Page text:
DSPS specialists base their recommendations on current medical/educational information and their professional knowledge of the student’s disability. If a student presents you with a Classroom and Test Accommodation Verification form (CATAV), that student’s disability has been documented. You may contact DSPS if you have any questions. But, as the student’s records are confidential, DSPS staff will not be able to provide you with any information about the student’s specific disability. With a signed Release of Information, we can discuss specific situations and assist with problem solving. You should know, however, that denial of a legitimate request is a violation of the student’s civil right. It is your responsibility to work closely with the student and DSPS to provide reasonable accommodations required under the law.
If the student has requested an accommodation that conflicts with the goals of your class, please discuss your concerns with a DSPS Counselor. In this way, a reasonable compromise can be achieved which upholds the goal of equal opportunity for students with disabilities while maintaining the academic integrity of your class.
Title 504 of the Rehabilitation Act of 1973 and Title II of the Americans with Disabilities Act of 1990 establish that students with disabilities must have equal opportunity. A disabled student’s excellent performance in a class (or their ability to finish exams on time) is not, by itself, a compelling argument that the student is being given equal opportunity. In order to have equal opportunity, the student may require accommodations: extended exam time, the use of a computer, or other techniques specified on the CATAV.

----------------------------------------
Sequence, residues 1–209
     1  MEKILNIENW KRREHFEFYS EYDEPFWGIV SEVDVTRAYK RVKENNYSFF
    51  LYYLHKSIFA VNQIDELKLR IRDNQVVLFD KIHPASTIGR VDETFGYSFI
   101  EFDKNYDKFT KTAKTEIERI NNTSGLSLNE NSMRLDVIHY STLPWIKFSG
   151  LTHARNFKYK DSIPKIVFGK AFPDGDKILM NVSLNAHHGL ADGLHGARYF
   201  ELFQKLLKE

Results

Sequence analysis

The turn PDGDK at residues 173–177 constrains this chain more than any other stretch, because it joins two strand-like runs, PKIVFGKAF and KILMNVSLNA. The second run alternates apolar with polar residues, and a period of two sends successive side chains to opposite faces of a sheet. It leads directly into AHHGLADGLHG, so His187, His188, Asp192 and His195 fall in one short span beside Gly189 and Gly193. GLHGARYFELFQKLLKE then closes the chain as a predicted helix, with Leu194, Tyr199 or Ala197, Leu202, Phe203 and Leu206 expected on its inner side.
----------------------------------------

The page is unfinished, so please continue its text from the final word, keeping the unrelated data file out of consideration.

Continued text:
You should refer them to DSPS. Providing an accommodation without verification of disability related needs can establish a precedent which may give an unfair advantage or the perception of an unfair advantage and is not warranted under the law.
DSPS students are informed that test accommodations must be arranged 7 days in advance and by deadline for final exams. In some cases, when a student has just been found eligible for this accommodation or when a test/quiz was not scheduled in advance, every effort will be made to provide the test accommodation without 7 days notice. However, under most circumstances, it is the student’s responsibility to schedule the testing accommodation in advance. One way to aid timely arrangements is to provide a notice on your syllabus alerting students with disabilities who are requesting accommodations to give you and the DSPS office reasonable advance notice of their needs.
Only if you let all other students take the exam home and work unsupervised. Fair treatment of students with disabilities does not mean that you give up good teaching practices.
Never offer unlimited time on tests as an accommodation. Most often, testing time is extended 1 and ½ times the amount of time your other students have to take a test. When an interpreter is needed, the student has especially labored use of equipment, or there are extraordinary limitations, then twice the time or even longer may be approved.
Ideally, proctored exams are scheduled close to the time when your class is being tested, if not at the same time. Sometimes a student must take the exam at a different time or date. You will be asked to provide the date and time the class is scheduled to take the exam on the Testing Accommodation Request (TAR). There is also space to indicate if the instructor agrees to an alternate time. The test will only be scheduled at a different time when there is insufficient space or proctoring staff or if the student has a scheduled class right before or after. Unfortunately, we cannot prevent students from asking others in the class about the test. But such conduct is a violation of the Code of Student Conduct. Some instructors use alternate forms of the test to reduce security problems. Alternate forms of the test are useful, as long as they are comparable in difficulty. I’m an “evening/weekend” instructor.